Somebody leaked to the press that this was a Turkish treasure boat that everybody had been [seeking] for 200 years. The area became a madhouse. People trekked over the site looking for gold. People with guns were chasing each other from the site. In the end, we had to be protected by police and guard dogs.
I had never been on an excavation where security people protected us, but where we also had an ice cream van and hot dog stands. People came in droves just to watch. At one point, 13 television stations from around the world were filming what was going on. It's the best recorded excavation I know of.
But then it started to rain. The drought was over, and the water was rising. If we left the boat where it was, it would be preserved. In another 200 years, maybe somebody else would find it. So we raced against time to clean the boat before the water reached it. We built dikes around it to continue the work.
It was so fragile. How did you get it out of the mud?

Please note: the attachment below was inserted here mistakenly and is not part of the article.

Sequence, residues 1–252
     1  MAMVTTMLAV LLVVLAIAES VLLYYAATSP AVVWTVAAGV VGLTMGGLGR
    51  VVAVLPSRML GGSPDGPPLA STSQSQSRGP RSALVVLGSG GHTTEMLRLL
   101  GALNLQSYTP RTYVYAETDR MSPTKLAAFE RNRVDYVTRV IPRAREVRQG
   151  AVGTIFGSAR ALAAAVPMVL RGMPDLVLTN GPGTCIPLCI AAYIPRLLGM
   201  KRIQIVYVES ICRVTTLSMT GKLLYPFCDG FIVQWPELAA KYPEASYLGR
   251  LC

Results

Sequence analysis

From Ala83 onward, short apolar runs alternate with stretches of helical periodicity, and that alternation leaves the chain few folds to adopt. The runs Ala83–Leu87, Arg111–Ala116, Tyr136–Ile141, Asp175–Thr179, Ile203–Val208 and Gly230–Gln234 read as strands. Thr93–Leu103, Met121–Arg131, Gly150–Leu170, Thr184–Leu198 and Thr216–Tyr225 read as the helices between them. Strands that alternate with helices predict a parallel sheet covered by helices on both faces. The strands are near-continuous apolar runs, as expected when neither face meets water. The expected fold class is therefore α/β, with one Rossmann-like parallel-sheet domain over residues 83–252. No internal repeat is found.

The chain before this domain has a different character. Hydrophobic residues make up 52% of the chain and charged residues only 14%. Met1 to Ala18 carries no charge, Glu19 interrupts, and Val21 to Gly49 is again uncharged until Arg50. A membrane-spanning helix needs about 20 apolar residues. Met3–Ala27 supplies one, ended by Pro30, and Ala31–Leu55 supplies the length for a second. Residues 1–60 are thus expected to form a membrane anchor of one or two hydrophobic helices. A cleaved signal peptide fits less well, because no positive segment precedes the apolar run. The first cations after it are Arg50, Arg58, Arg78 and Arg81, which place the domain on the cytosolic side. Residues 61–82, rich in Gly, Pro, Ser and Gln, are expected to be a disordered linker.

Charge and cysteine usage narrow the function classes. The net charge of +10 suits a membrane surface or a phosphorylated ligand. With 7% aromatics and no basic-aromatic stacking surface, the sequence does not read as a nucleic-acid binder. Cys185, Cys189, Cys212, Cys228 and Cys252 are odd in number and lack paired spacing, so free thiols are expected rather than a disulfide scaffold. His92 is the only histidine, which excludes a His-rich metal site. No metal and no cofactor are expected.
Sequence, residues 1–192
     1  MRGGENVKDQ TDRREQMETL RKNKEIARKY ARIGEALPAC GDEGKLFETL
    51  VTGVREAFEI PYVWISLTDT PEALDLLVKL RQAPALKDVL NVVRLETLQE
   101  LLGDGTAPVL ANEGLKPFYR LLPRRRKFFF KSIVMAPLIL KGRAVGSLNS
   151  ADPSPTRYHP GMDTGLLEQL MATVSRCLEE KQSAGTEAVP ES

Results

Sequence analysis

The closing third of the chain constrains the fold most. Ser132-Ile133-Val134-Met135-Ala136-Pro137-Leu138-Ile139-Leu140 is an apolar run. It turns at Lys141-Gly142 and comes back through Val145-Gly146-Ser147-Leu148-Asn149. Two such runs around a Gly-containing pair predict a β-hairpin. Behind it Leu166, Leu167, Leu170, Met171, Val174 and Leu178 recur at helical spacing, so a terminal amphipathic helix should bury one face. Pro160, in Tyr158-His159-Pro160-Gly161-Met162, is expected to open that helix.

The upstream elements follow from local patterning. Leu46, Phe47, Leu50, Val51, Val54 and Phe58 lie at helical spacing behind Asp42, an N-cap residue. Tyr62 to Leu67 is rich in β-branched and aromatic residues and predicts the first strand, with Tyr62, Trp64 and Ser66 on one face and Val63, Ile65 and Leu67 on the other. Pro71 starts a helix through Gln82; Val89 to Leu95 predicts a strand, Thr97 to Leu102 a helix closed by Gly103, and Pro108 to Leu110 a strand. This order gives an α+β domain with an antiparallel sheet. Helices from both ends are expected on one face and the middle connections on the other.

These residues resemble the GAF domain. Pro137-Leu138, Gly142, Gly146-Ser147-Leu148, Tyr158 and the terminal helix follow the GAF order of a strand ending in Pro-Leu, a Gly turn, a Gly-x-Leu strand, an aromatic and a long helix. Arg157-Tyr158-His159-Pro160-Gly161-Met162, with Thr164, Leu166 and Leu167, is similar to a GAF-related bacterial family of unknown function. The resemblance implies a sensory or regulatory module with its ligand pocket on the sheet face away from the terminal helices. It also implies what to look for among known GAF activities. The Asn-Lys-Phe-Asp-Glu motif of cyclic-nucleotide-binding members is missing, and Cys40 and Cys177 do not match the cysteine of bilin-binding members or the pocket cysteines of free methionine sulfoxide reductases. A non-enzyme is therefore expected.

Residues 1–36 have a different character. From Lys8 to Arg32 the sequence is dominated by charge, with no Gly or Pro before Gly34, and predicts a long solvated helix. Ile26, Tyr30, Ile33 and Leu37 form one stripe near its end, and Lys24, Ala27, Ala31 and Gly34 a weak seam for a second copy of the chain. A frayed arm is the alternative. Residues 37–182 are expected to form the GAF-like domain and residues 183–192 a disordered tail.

We built fiberglass ribs to support it, but they were not enough. So we made a cocoon out of plastic foam. We thought that maybe the foam cocoon would float. So we opened the dike, and after 2,000 years, the boat floated again on the Sea of Galilee. It floated about three kilometers to where we had built a pool, by the Yigal Allon Museum.
We then had to take off the plastic. It was worse than the mud. If it were cut with a hot knife, it would produce cyanide. So we had to use our fingernails.
We filled the pool with sweet water until 60,000 liters of polyethylene glycol arrived almost a year later from India, courtesy of Dow Chemical. One day, we noticed that the boat was full of worms. There were eggs in the mud from 2,000 years ago. We're talking Jurassic Park here. We could fight it with the chemicals, but then we'd pollute the water, and it would take another 10 years to get rid of that. We brought in experts from the U.S., but nobody knew how to do it without pollution. All the time, the fishermen stood around smiling. Finally they said, "Leave it to us; it won't cost anything." So they brought some goldfish and carp. The fish lived off the parasites for a year.